MEMPHIS, Tenn. — A federal judge on Thursday decided to allow residents of six Memphis suburbs to vote on forming city school districts, but he left open the option of voiding the election later.
Arlington, Bartlett, Collierville, Germantown, Lakeland and Millington are seeking to form their own public school systems and avoid becoming part of a combined Memphis-Shelby County system upon a scheduled 2013 merger. The six municipalities, which have a combined population of about 171,000, are currently part of the Shelby County Schools system but want to break away.
A state law passed this year allowed the municipalities to schedule the vote to form their own school systems. But the Shelby County Commission sued to stop the vote, arguing that the state law violates the Tennessee constitution.
U. S. District Court Judge Samuel “Hardy” Mays ruled after a day-long hearing Thursday that the referendums can continue and he will decide the law’s constitutionality later. Early voting for the Aug. 2 election starts Friday, and Mays noted some absentee ballots have been cast.
Mays said he did not want to rush a decision on the validity of the law, adding that it was better “not to enjoin an election but to second guess it.”
“The more I think about it, the more restraint is counseled here,” Mays said.
The municipalities, located east of Memphis, are seeking to avoid the merger between the larger, majority-black Memphis school system and the smaller, majority-white Shelby County school district. A transitional planning commission is working on details of the merger, but that plan could face major adjustments should the municipalities get their own school systems.
In their July 26 complaint, county commissioners argued that the municipalities’ school districts would be majority-white and that race is a reason that they want their own systems. They assert that those who sought the elections are discriminating against black residents.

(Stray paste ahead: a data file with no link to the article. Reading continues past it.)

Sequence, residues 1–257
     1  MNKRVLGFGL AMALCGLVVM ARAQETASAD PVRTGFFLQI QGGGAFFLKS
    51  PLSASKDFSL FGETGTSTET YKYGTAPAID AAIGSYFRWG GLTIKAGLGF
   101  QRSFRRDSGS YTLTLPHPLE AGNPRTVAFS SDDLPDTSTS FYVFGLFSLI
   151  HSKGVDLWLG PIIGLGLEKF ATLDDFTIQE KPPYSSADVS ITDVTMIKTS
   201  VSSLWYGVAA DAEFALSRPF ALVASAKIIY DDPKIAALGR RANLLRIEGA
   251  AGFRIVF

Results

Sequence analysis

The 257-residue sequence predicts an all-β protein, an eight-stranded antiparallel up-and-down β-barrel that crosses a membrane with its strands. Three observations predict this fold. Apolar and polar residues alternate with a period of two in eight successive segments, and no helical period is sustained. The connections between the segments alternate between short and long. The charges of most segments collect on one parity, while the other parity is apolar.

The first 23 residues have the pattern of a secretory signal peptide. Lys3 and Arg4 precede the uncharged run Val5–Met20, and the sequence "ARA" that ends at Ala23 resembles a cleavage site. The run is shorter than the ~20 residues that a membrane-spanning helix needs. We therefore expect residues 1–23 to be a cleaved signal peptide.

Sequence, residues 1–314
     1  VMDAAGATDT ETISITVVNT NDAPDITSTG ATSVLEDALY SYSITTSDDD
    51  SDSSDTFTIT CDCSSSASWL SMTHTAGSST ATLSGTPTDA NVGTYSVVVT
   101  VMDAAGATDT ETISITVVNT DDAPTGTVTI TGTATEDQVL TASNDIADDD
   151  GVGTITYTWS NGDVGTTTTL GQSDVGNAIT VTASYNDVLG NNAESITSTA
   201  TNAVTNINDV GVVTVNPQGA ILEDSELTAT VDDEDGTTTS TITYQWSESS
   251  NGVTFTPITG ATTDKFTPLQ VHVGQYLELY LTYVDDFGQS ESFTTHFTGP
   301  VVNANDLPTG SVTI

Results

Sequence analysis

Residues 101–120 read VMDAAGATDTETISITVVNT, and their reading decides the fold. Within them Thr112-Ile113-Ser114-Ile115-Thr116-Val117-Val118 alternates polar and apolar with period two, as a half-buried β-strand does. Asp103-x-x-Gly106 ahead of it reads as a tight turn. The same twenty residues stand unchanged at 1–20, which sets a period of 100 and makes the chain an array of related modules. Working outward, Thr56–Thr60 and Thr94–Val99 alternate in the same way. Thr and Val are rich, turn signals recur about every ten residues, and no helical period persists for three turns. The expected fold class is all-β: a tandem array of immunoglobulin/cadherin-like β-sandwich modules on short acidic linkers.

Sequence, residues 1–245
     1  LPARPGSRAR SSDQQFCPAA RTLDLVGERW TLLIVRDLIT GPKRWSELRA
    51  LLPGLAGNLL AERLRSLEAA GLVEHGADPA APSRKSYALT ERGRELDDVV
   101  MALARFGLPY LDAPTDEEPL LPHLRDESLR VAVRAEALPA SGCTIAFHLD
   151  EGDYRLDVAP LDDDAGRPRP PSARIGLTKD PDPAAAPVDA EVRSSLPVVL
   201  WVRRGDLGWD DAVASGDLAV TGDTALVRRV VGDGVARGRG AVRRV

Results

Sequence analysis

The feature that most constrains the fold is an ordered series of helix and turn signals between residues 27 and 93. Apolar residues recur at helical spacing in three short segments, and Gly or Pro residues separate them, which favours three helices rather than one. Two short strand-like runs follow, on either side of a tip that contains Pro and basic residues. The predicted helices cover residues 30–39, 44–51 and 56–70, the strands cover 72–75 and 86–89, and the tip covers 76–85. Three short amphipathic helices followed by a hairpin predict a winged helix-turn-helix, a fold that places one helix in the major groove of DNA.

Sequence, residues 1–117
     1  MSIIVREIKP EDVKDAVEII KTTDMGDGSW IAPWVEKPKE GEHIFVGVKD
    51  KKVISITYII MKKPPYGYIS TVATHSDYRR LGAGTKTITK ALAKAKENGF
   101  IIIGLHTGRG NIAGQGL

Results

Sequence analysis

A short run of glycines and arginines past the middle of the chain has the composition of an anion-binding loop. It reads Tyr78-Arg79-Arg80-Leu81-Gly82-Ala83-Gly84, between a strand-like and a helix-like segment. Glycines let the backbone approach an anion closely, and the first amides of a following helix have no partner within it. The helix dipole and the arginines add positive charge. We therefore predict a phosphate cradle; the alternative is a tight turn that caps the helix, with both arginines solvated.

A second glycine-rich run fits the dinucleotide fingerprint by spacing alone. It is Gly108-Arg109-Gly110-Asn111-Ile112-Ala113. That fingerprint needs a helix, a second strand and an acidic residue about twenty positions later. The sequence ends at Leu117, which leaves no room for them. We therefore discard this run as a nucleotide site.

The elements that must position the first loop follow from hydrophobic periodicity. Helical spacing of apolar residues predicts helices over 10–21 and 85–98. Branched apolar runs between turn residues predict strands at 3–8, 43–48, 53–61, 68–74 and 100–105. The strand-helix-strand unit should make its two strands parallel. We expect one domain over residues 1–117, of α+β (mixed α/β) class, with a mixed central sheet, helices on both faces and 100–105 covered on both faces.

In their written response, the municipalities said allegations of racial discrimination were unfounded. Thursday’s hearing didn’t deal with that claim.
Instead it looked into the constitutionality of the new state statute that cleared the way for the suburbs to purse referendums and school board elections this year.
The county commission’s attorneys contended that the law is invalid because it amounts to special legislation that can apply to only one county, a violation of the Tennessee constitution.
“That bill was designed to apply only to Shelby County,” said Leo Bearman, attorney for the county commission. “Are we going to torture the intent of the Tennessee constitution?”
Bearman also said the commission’s rights have been violated because the legislative body has not been allowed to vote on the new districts
Supporters of the new school districts say that the state law could apply to counties outside Shelby County, making it constitutional. Attorneys for the state and the municipalities argue that the law could apply to Gibson and Carroll counties, and Mays said he was going to look into whether the law applies to Henry and Scott counties as well.
Tom Cates, the lawyer for the municipalities, said the county was trying to interfere with the workings of the suburban cities and towns.
“There can hardly be more of an interference than to stop an election,” Cates said.
During the hearing, Shelby County election commission lawyer John Ryder said the election has already begun with absentee, overseas, military and nursing home ballots having been sent out, and some ballots having been received.
There is some concern that the Memphis-Shelby County school merger process will be derailed by the defection of the six municipalities from the county system. Mays has approved a consent decree that lays out the legal basis for the merger.
“If the state legislature could come back and undo a consent decree, we would still be in segregation today,” said Allan Wade, the attorney for the Memphis City Council, which opposed the vote.
Should the suburban voters approve the new school districts, then planning would begin for the systems to be operational. But that process could end quickly if Mays invalidates the vote after the election.